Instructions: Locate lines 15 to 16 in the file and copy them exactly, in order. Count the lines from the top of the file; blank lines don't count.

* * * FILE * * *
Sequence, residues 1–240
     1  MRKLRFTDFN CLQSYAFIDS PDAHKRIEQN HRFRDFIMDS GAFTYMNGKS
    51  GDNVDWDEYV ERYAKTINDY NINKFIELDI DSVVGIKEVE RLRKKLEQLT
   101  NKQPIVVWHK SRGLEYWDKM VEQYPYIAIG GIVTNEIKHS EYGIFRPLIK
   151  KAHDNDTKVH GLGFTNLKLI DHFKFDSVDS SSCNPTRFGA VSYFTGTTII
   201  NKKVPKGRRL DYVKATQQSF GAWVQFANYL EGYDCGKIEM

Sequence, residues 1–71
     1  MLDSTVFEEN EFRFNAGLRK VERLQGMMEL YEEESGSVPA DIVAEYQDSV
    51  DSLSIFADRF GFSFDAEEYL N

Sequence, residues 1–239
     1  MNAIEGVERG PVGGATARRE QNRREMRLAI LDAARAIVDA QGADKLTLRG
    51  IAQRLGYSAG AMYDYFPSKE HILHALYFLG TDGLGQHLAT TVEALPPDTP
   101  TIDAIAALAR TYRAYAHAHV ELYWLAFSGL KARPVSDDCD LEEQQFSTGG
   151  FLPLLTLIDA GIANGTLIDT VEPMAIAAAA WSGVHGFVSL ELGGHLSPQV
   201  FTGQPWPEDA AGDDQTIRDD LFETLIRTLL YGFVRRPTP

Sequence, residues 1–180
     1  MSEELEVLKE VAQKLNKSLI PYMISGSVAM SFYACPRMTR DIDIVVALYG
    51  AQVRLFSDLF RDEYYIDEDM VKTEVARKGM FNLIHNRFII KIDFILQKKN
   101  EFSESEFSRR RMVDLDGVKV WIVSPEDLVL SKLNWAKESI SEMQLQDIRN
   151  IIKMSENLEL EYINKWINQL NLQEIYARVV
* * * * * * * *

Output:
   201  FTGQPWPEDA AGDDQTIRDD LFETLIRTLL YGFVRRPTP

Sequence, residues 1–180